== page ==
Despite the Lake George's restaurant proclaimed resilience as "The Last One Standing", its authenticity as a true Howard Johnson's restaurant was questioned due to its dissimilar menu and negative reviews.[55] A new from the ground up operation, it lacked a kitchen staff and crew formerly connected or experienced with the Howard Johnson's Restaurant chain.[56] While it retained an original building and trademark name, it had no official connection with Wyndham or the defunct FAI, operating entirely as an independent and re-imagined entity.

In January 2017 the Lake George property went up for sale and redevelopment projects were proposed for the site.[57] On October 12, 2017, owner John Larock was arrested and convicted of sexual harassment of female employees, and on October 31, 2018 began serving a six-month jail sentence.[58][59][60] The restaurant continued to operate with Larock as owner, but was open sporadically, with limited days and hours.[61]

In March 2022, after a number of controversies, the Lake George restaurant permanently closed, the last restaurant establishment to use the Howard Johnson's name.[62]

See also[edit]


  1. ^ a b "Wyndham Hotel Group - Company Backgrounder" (.pdf). Wyndham Hotel Group. Retrieved 21 January 2015.
  2. ^ Office, United States Patent (1952). Official Gazette of the United States Patent Office. U.S. Patent Office. p. 1371.
  3. ^ Diller, Nathan (2 June 2022). "The last Howard Johnson's restaurant closed, ending an era of Americana". Washington Post. Retrieved 2 June 2022.
  4. ^ "Locations - Howard Johnson by Wyndham Hotels". Press Release. Retrieved 9 April 2019.
  5. ^
  6. ^ Eisen, David (10 April 2018). "Ahead of spin-off, Wyndham Hotel Group puts a new spin on its brand names". Hotel Management. Retrieved 10 April 2018.
  7. ^ "The last Howard Johnson's restaurant is for sale". The Economist. ISSN 0013-0613. Retrieved 14 April 2020.
  8. ^ Canfield, Clarke (19 May 2005). "HoJo's Restaurants Are Fading Away". Los Angeles Times.
  9. ^ a b "44 Companies Closing 48 Plants + 18 Bankruptcies (Fairfield Farm Kitchens closing Brockton, Ma plant)". Plant Closings: 2. 15 January 2007. Retrieved 4 December 2014.
  10. ^ Sugars, Bradley J. (2005). Successful Franchising: Expert Advice on Buying, Selling and Creating Winning Franchises. McGraw-Hill Professional. p. 2. ISBN 978-0-07-146671-4. Retrieved 18 September 2012.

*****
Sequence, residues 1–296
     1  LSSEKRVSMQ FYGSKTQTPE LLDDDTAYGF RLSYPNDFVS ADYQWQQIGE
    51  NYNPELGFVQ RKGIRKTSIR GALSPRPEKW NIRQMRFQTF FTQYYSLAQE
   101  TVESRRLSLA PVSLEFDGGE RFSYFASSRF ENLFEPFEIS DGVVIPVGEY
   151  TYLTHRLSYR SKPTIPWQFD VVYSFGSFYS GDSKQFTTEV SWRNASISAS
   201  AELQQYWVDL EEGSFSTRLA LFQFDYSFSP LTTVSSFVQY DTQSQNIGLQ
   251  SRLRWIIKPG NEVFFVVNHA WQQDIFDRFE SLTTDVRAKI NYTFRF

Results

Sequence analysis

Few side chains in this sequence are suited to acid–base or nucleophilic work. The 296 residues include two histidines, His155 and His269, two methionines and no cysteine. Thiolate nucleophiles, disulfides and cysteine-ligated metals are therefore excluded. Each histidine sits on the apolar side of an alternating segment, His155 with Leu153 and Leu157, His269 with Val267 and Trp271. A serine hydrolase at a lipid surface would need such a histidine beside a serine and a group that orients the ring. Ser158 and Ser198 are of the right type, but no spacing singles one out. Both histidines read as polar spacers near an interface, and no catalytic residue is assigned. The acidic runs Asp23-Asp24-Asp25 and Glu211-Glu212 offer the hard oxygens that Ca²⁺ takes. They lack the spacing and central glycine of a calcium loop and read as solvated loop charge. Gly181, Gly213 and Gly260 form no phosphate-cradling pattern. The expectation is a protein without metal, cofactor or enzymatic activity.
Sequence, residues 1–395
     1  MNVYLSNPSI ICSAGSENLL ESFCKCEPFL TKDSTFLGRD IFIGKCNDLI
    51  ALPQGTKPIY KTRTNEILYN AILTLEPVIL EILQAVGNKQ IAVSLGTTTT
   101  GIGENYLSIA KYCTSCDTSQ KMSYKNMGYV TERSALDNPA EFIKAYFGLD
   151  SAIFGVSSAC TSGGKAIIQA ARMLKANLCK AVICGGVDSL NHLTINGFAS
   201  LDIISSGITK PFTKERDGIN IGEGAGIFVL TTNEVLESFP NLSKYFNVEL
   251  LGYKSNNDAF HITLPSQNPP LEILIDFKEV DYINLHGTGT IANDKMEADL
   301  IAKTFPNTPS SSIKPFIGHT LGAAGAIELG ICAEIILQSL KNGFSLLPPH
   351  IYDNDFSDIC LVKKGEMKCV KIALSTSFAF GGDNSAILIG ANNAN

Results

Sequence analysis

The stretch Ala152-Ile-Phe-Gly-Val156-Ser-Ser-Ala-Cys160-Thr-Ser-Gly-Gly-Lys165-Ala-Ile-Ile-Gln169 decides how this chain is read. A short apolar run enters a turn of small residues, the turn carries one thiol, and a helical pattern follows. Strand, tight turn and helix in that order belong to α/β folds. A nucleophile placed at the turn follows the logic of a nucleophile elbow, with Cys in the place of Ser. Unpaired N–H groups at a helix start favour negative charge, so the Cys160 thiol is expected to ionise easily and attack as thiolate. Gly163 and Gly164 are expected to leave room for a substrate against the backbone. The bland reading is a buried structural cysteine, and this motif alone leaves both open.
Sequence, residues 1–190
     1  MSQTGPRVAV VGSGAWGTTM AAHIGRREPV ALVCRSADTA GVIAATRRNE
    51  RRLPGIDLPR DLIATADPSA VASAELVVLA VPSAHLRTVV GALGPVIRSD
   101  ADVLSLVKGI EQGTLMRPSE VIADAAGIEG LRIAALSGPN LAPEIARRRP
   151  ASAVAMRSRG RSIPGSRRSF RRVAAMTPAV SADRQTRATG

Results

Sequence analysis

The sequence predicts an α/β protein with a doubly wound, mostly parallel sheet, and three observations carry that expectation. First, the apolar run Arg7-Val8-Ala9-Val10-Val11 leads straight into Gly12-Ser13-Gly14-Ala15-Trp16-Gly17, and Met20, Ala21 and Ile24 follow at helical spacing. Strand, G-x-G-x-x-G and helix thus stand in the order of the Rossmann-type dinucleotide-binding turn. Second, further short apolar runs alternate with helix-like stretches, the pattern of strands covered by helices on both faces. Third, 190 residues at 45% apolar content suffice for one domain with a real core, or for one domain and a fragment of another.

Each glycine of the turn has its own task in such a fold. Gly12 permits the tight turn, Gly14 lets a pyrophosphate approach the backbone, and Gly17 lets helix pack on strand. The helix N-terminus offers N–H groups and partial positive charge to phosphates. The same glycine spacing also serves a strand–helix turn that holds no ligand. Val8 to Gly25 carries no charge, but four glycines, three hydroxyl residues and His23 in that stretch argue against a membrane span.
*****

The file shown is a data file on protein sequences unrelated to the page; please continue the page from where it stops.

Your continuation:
11. ^ a b Hinckley, Jim; Robinson, Jon G. (2005). The Big Book of Car Culture: The Armchair Guide to Automotive Americana. MotorBooks/MBI. p. 24. ISBN 978-0-7603-1965-9. Retrieved 18 September 2012.
  12. ^ Boyett, Joseph H.; Boyett, Jimmie T. (2002). The Guru Guide to Entrepreneurship: A Concise Guide to the Best Ideas from the World's Top Entrepreneurs. John Wiley and Sons. p. 275. ISBN 978-0-471-43686-7. Retrieved 18 September 2012.
  13. ^ The Nation's Business (1968). Lessons of Leadership: 21 Top Executives Speak Out on Creating, Developing, and Managing Success. Doubleday. p. 48.
  14. ^ "28 Flavors Head West". Life. Time Inc. 6 September 1948. p. 71. ISSN 0024-3019.
  15. ^ "The History of Howard Johnson's Restaurant". 2 February 2022.
  16. ^ a b "Howard Johnson: Host of the Highway". 23 September 2017.
  17. ^ Tomasson, Robert E. (28 August 1983). "Survey to Study Turnpike Dining". The New York Times.
  18. ^ "Thomas Soffron, 96, Creator of Clam Strips". The New York Times. 28 February 2004. Retrieved 18 September 2012.
  19. ^ Sovich, Nina (1 May 2004). "Clam King". CNN. Retrieved 18 September 2012. Like many famous Greeks, and not a few New Englanders, Thomas Soffron found his fortune at sea. An immigrant from Calamata, Greece, Soffron invented clam strips: battered and fried slices from the "foot" of hard-shelled sea clams (which held up better when frozen than did the coastal variety). For years Soffron Brothers Clam Co., based in Ipswich, Massachusetts, served as the exclusive supplier of clam strips to the Howard Johnson's restaurant chain, which sold the whole country on this Down East delicacy. Few HoJos are left, but the clam strip's enduring popularity stands as its creator's legacy. Soffron died on 21 February 2004, at age 96 in Ipswich, his hometown.
  20. ^ "Rubenstein Library / ROAD / 1920-1929 (Outdoor Advertising Timeline: 1920-1929)". Duke Libraries. Retrieved 18 September 2012.
  21. ^ "Ghana finance minister denied service, Oct. 10, 1957".
  22. ^ "CORE Protests Against Howard Johnson Chain".
  23. ^ "Durham Civil Rights Heritage Project : Howard Johnson's Restaurant - 1962".
  24. ^ "Here's What Bernie Sanders Actually Did in the Civil Rights Movement".
  25. ^ "Restaurant Chain Bans Segregation". Arizona Tribune. Phoenix, AZ. 28 December 1962. p. 1. Archived from the original on 11 August 2020. Retrieved 11 August 2020 – via The Howard Johnson company, which operates 179 restaurants, has announced it is against racial segregation and that its national policy is to "provide service without discrimination."